Abstract

Background. The efficacy of umbilical cord blood transplantation (UCBT) as treatment for acute myeloid leukemia (AML) relies heavily on immune-mediated graft-versus-leukemia effects. Following bone marrow or peripheral blood stem cell transplantation, there is a strong association between occurrence of graft-versus-host disease (GVHD) and a lower risk of AML relapse. Here, we evaluated the kinetics of relapse rate in correlationto GVHD occurrence after UCBT.

Methods. The study population included adult patients with de novo or secondary AML, receiving single or double UCBT between 2004 and 2014 at EBMT-affiliated centers.The kinetics of relapse rate over time in correrlation to occurence of GVHD was assessed by calculating the relapse rate per patient-year within sequential 90-day intervals (as previously reported by Inamoto et al., Blood 2011, 14 : 456-463). The smoothed rates were plotted as curves for each GVHD condition (no GVHD, acute GVHD or chronic GVHD). The impact of GVHD on relapse and overall mortality was also assessed with Cox models adjusted for patient age, status at transplantation, cytogenetics, total nucleated cells (TNC), and single versus double UCBT, modeling acute and chronic GVHD as time-dependent covariates.

Results. The study included data from 1069 patients given single (n=567) or double (n=501) UCBT. Median patient age at transplantation was 45 (range, 18-73) years. The proportion of patients with grade II, III and IV acute GVHD was 20%, 7% and 4%, respectively. At 2 years, the cumulative incidence of chronic GVHD was 42%, the cumulative incidence of relapse was 32% and overall survival was 32% as well. As shwon in the figure 1, relapse rates declined gradually over time during the first 30 months after transplantation and were lower in patients with chronic GVHD than in those without GVHD. Furthermore , in a multivariate Cox model, there was a suggestion for lower incidence of relapse in patients who experienced chronic GVHD (HR 0.6, P=0.1). In contrast, there was a significant increase in the risk of mortality in patients with grade III-IV acute (HR 2.4, P<0.001) and those with de novo chronic GVHD (HR 3.2, P<0.001) due to increased non relapse mortality.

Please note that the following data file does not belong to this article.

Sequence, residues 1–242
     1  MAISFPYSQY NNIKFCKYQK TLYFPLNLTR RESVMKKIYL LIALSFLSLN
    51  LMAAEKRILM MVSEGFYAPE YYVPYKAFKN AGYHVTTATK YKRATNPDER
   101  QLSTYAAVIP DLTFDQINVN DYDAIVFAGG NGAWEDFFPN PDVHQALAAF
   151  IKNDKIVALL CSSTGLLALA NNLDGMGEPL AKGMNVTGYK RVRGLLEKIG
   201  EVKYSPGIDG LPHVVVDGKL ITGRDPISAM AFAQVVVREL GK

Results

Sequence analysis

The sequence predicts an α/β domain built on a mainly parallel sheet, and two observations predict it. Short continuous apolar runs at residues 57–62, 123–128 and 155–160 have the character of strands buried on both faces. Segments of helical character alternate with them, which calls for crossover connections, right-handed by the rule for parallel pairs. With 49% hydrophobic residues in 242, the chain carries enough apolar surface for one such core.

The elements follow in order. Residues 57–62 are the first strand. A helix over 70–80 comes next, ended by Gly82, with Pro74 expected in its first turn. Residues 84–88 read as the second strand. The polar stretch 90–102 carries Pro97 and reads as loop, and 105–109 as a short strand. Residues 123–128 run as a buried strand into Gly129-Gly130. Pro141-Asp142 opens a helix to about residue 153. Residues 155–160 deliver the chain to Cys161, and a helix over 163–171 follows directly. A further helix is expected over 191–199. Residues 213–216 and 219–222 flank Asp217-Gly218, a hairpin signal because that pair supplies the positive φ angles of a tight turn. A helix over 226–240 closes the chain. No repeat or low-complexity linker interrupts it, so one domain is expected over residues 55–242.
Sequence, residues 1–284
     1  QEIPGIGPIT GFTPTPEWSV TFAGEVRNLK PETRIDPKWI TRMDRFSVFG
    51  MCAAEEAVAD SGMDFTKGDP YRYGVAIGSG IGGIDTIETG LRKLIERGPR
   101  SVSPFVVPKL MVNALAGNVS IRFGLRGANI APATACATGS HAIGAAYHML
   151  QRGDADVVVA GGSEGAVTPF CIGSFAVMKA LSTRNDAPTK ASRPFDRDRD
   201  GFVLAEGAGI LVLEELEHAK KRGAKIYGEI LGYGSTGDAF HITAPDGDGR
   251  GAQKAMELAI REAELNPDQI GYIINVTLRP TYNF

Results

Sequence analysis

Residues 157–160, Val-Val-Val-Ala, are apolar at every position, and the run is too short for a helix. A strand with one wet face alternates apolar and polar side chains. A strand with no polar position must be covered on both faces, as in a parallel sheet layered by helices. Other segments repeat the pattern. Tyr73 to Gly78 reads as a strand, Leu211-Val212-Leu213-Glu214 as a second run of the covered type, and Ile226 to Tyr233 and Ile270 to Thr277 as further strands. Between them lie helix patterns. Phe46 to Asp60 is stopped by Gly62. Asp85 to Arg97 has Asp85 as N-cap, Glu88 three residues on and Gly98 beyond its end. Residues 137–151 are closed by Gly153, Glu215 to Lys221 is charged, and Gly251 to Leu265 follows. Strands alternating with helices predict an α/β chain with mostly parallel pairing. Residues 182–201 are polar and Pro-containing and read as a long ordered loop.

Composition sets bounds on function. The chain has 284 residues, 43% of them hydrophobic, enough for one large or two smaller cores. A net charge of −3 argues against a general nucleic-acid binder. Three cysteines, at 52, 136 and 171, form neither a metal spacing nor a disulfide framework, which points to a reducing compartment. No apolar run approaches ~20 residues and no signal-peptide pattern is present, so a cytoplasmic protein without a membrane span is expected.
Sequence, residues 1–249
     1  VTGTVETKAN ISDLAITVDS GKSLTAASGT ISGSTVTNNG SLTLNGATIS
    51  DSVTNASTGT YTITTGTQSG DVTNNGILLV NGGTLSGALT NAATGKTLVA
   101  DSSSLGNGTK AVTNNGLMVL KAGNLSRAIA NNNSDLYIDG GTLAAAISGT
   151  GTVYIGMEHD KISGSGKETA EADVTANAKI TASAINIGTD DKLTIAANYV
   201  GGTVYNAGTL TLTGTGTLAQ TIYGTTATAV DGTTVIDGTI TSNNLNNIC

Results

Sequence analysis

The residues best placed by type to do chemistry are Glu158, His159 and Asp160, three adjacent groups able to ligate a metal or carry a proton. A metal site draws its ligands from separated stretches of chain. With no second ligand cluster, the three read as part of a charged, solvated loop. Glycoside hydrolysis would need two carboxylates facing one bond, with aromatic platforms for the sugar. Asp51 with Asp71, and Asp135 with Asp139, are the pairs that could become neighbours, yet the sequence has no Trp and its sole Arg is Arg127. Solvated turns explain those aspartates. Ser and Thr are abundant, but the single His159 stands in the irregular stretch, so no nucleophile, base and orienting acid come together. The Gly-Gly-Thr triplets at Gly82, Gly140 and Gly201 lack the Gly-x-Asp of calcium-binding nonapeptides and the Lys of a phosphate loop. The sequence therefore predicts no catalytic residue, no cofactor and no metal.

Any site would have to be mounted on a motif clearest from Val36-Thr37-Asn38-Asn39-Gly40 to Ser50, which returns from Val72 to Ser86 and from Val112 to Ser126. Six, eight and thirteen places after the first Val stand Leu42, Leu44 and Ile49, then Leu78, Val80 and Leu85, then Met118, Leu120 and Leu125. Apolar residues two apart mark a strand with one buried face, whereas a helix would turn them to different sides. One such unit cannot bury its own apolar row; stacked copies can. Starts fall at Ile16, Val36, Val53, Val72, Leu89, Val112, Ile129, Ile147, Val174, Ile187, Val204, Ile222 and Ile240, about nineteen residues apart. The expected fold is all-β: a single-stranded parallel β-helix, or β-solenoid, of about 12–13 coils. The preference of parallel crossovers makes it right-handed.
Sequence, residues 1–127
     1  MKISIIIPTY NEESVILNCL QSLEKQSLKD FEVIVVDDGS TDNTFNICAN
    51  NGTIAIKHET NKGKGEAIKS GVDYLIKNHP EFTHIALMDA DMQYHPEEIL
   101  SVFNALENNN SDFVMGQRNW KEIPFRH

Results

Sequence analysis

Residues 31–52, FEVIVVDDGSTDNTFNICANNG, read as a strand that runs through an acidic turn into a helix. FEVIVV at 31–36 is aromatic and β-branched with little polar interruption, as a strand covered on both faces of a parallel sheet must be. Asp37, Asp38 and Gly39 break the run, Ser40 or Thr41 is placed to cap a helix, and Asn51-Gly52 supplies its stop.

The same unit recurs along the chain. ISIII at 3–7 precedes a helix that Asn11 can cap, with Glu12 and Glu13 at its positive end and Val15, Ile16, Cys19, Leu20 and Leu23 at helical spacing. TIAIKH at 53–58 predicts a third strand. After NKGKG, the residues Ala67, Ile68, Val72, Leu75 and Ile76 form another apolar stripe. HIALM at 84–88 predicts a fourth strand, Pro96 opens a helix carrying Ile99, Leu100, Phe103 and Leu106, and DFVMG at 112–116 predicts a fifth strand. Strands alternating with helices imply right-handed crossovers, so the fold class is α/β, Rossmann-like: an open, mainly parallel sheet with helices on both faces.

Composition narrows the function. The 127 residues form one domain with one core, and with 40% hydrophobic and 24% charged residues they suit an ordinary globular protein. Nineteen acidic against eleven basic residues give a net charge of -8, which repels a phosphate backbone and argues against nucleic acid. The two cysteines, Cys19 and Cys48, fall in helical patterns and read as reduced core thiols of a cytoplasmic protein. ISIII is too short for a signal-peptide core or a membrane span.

Conclusions. Although this study suggest that chronic GVHD might be associated with lower risk of AML recurrence after UCBT, grade III-IV acute and chronic GVHD each increased overall mortality.

Figure 1

Rates of relapse and risk of early and late relapse according to GVHD status. Relapse rates were calculated within sequential 90-day intervals for patients without GVHD (shown in blue), for patients with grades II-IV acute GVHD (shown in green) or for patients with chronic GVHD (shown in red). Small symbols represent the actual relapse rates for each 90-day interval. The smoothed rates were plotted as curves for each condition.

Figure 1

Rates of relapse and risk of early and late relapse according to GVHD status. Relapse rates were calculated within sequential 90-day intervals for patients without GVHD (shown in blue), for patients with grades II-IV acute GVHD (shown in green) or for patients with chronic GVHD (shown in red). Small symbols represent the actual relapse rates for each 90-day interval. The smoothed rates were plotted as curves for each condition.

Disclosures

Michallet:Bristol-Myers Squibb: Consultancy, Honoraria, Research Funding; Pfizer: Consultancy, Honoraria; Novartis: Consultancy, Honoraria; Pfizer: Consultancy, Honoraria; Astellas Pharma: Consultancy, Honoraria; MSD: Consultancy, Honoraria; Genzyme: Consultancy, Honoraria.

Author notes

*

Asterisk with author names denotes non-ASH members.